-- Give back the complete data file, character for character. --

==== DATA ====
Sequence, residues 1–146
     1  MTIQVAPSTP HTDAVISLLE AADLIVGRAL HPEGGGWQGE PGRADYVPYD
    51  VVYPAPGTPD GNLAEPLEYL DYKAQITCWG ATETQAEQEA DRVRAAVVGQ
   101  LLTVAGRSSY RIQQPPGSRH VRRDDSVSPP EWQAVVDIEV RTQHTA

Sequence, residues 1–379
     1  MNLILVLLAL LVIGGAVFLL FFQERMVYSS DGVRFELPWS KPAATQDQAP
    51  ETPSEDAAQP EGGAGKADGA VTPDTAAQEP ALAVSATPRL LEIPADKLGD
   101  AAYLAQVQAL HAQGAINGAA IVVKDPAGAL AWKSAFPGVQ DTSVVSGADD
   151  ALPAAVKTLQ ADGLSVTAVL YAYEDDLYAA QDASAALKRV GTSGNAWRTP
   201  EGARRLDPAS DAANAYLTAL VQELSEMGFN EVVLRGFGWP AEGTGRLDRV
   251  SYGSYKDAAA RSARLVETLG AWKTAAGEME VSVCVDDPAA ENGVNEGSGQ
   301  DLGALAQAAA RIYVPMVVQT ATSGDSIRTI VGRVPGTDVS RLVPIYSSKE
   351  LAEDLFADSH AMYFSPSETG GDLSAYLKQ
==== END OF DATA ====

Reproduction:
Sequence, residues 1–146
     1  MTIQVAPSTP HTDAVISLLE AADLIVGRAL HPEGGGWQGE PGRADYVPYD
    51  VVYPAPGTPD GNLAEPLEYL DYKAQITCWG ATETQAEQEA DRVRAAVVGQ
   101  LLTVAGRSSY RIQQPPGSRH VRRDDSVSPP EWQAVVDIEV RTQHTA

Sequence, residues 1–379
     1  MNLILVLLAL LVIGGAVFLL FFQERMVYSS DGVRFELPWS KPAATQDQAP
    51  ETPSEDAAQP EGGAGKADGA VTPDTAAQEP ALAVSATPRL LEIPADKLGD
   101  AAYLAQVQAL HAQGAINGAA IVVKDPAGAL AWKSAFPGVQ DTSVVSGADD
   151  ALPAAVKTLQ ADGLSVTAVL YAYEDDLYAA QDASAALKRV GTSGNAWRTP
   201  EGARRLDPAS DAANAYLTAL VQELSEMGFN EVVLRGFGWP AEGTGRLDRV
   251  SYGSYKDAAA RSARLVETLG AWKTAAGEME VSVCVDDPAA ENGVNEGSGQ
   301  DLGALAQAAA RIYVPMVVQT ATSGDSIRTI VGRVPGTDVS RLVPIYSSKE
   351  LAEDLFADSH AMYFSPSETG GDLSAYLKQ